A photo essay of one of the most amazing geological sights I've ever seen: the amazing Painted Hills in Central Oregon. The hills aren't large by any stretch, but their delicate folds and amazing reds and yellows make amazing shapes in the light. I was there mid-afternoon in December, so the low light created some lively defining shadows on the hillsides. I chose to zoom in a lot for abstract details, focusing on shape and form rather than an overall view. In many of the shots, animal tracks can be seen which gives some idea of scale.
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Whenever I fly, I try to get the window seat. I just love seeing the world go by, reduced to the size of a map far, far below me. And if I have a camera with me, then things are even better, because I love to take photos of the amazing sights I see. Here's a few tips that I've picked up that might help out, followed by a number of sample images after the jump.
1. Seats in front of the wing are best for unobstructed viewing. Next best are seats at the back of the plane. The closer to the wing you get from the back, the more likely you are to have jet exhaust distort your image.
2. Have your camera handy at all times. Stash your camera bag under the seat in front of you before take off, or put your camera on your lap before take off, hidden under a jacket or similar. On larger flights, you can get away with taking photos almost directly after take off, simply because the hostesses can't see you from their jump seats.
3. If your camera beeps on acquiring focus, TURN THE BEEP OFF. It's ...
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I tried my hand at this for the first time last week. I've done quite a few star trail shots before, where you leave the shutter open for an extended time and get beautiful long streaks across the sky, but star field photography is a different beast altogether. You have to get as much light as you can onto the sensor in as little time as possible, so as to PREVENT the stars streaking. Even with a wide angle lens, this is 30 seconds or less!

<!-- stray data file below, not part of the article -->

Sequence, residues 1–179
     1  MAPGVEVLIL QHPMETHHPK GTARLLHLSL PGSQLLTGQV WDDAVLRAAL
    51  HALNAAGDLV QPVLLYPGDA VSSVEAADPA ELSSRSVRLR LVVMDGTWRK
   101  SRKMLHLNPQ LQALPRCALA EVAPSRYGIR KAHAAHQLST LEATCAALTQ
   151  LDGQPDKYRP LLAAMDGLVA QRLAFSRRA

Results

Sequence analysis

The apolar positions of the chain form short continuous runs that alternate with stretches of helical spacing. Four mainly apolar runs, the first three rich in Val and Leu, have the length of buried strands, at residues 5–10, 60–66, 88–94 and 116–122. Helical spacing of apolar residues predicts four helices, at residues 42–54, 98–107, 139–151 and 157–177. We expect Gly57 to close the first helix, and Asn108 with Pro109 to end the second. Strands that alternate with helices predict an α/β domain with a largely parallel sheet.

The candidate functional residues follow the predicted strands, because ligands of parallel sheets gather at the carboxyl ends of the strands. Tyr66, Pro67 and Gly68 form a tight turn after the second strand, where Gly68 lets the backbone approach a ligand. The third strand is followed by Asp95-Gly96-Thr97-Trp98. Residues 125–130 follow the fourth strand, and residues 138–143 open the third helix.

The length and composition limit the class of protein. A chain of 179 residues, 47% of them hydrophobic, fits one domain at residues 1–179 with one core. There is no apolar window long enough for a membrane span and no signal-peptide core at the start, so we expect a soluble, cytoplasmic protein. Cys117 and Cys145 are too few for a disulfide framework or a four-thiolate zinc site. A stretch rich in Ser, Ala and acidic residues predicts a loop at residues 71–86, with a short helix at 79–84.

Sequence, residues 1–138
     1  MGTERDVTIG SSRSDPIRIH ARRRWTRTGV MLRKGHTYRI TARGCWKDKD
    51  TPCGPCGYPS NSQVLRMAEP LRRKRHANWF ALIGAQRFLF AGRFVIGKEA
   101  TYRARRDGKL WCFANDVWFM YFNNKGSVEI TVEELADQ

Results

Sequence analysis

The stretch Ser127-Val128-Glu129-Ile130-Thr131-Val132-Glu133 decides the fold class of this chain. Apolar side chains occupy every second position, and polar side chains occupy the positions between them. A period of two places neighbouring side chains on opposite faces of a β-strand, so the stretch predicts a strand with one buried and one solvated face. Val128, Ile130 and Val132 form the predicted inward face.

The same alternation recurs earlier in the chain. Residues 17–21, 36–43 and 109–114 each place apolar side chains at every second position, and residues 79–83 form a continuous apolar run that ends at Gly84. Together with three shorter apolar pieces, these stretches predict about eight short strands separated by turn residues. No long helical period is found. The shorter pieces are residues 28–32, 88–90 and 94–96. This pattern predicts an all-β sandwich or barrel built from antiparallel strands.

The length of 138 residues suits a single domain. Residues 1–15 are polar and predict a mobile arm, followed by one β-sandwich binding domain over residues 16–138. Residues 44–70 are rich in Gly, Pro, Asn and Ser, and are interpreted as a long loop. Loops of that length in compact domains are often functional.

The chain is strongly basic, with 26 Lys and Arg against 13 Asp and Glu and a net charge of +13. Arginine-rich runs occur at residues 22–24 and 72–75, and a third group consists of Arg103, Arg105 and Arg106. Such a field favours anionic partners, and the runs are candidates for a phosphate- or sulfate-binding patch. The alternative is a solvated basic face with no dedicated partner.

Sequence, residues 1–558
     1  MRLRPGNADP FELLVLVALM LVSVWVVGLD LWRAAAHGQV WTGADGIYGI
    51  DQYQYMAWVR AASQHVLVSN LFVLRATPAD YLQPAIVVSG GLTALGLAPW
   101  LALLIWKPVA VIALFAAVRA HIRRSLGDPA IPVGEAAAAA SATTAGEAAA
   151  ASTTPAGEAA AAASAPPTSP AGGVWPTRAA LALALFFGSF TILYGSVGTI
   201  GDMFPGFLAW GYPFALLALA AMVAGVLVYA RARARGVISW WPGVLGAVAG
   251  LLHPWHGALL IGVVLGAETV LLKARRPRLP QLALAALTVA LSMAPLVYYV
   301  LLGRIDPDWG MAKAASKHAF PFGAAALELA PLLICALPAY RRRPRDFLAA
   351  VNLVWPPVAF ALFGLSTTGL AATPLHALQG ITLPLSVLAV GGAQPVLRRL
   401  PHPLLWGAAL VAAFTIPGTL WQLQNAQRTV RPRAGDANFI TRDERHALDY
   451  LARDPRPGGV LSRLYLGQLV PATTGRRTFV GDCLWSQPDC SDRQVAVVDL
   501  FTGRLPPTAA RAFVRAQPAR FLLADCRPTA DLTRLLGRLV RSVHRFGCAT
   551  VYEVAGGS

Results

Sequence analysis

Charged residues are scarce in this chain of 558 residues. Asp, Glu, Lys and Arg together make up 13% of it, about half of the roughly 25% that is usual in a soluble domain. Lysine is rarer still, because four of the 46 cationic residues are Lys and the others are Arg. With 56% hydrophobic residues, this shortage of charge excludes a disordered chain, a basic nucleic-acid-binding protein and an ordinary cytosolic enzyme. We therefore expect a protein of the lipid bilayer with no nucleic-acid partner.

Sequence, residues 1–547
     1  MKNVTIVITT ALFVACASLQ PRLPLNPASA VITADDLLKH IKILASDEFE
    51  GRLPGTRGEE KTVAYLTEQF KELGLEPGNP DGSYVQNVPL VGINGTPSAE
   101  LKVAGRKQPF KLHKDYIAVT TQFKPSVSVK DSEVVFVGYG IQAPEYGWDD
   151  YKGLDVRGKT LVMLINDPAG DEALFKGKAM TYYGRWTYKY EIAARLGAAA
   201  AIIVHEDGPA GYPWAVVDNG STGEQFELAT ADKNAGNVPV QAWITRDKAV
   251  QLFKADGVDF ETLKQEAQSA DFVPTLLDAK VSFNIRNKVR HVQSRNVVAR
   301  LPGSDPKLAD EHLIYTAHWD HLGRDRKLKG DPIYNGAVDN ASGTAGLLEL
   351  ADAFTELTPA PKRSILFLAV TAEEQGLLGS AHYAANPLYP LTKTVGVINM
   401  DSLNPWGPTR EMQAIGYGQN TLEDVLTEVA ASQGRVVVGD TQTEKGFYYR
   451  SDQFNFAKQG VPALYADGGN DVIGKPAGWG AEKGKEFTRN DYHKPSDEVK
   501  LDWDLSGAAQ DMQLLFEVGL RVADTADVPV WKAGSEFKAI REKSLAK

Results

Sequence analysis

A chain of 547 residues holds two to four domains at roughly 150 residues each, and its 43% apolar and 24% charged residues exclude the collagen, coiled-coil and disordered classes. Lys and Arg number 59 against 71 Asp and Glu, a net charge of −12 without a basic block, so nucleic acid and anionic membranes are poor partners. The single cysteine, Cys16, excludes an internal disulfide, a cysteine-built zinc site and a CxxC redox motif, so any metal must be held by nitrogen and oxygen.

So, against all my usual instincts, you have to crank the ISO right up and open the aperture as wide as you can. The sample shot below - my best from the night - is ƒ/3.6, ISO 3200 for 15 seconds and STILL probably wasn't quite bright enough. The rule of thumb is to try and get a histogram that reaches 1/3rd of the way across, and I didn't quite get there. Some fiddling in post-production still produced a pretty decent image, however.
Still, the amazingly clear Oregon sky near Mount Hood allowed me to see the beautiful Milky Way with astounding cl ...
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Commenting on one of my photos, "Metropolis" (http://500px.com/photo/878188), Zeb Andrews (a GREAT photographer and teacher whom you should all follow) suggested an alternate crop: a long and narrow portrait format that eliminates the surrounding buildings and accentuates the vertical form of the Empire State Building. As you can see below, his suggestion does make a very compelling image that is very different from the original.
However, this got me thinking about how I consider crops when taking photos, and I came to the conclusion that I almost always compose a shot according to what I see through the viewfinder. For me, there's something special about "seeing" a composition in real life, framing it through the camera and then have it come out as I imagined it. I very rarely crop an image to different dimensions: almost all of my cropping is to straighten a horizon or similar - very minor stuff. If I want a different composition, then I'll look for it through the lens, changing pos ...
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